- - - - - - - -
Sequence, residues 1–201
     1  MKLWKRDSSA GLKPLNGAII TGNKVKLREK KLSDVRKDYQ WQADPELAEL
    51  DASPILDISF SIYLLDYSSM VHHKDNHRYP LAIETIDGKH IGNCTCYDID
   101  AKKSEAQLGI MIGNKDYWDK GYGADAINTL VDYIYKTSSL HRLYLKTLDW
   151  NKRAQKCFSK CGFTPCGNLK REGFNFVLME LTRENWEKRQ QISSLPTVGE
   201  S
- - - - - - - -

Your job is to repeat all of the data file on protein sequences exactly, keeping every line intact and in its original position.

Sequence, residues 1–201
     1  MKLWKRDSSA GLKPLNGAII TGNKVKLREK KLSDVRKDYQ WQADPELAEL
    51  DASPILDISF SIYLLDYSSM VHHKDNHRYP LAIETIDGKH IGNCTCYDID
   101  AKKSEAQLGI MIGNKDYWDK GYGADAINTL VDYIYKTSSL HRLYLKTLDW
   151  NKRAQKCFSK CGFTPCGNLK REGFNFVLME LTRENWEKRQ QISSLPTVGE
   201  S